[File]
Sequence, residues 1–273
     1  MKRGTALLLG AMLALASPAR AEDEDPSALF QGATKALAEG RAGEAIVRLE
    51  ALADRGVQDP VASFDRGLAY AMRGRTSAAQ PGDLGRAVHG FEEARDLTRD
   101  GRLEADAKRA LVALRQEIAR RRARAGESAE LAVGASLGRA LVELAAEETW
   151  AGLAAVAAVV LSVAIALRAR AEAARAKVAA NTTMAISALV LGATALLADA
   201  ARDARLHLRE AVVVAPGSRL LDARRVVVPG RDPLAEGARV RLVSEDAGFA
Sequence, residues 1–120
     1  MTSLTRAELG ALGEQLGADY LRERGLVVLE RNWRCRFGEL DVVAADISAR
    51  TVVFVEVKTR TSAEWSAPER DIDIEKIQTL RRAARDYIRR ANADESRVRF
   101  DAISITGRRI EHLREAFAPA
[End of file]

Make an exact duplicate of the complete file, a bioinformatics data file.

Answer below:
Sequence, residues 1–273
     1  MKRGTALLLG AMLALASPAR AEDEDPSALF QGATKALAEG RAGEAIVRLE
    51  ALADRGVQDP VASFDRGLAY AMRGRTSAAQ PGDLGRAVHG FEEARDLTRD
   101  GRLEADAKRA LVALRQEIAR RRARAGESAE LAVGASLGRA LVELAAEETW
   151  AGLAAVAAVV LSVAIALRAR AEAARAKVAA NTTMAISALV LGATALLADA
   201  ARDARLHLRE AVVVAPGSRL LDARRVVVPG RDPLAEGARV RLVSEDAGFA
Sequence, residues 1–120
     1  MTSLTRAELG ALGEQLGADY LRERGLVVLE RNWRCRFGEL DVVAADISAR
    51  TVVFVEVKTR TSAEWSAPER DIDIEKIQTL RRAARDYIRR ANADESRVRF
   101  DAISITGRRI EHLREAFAPA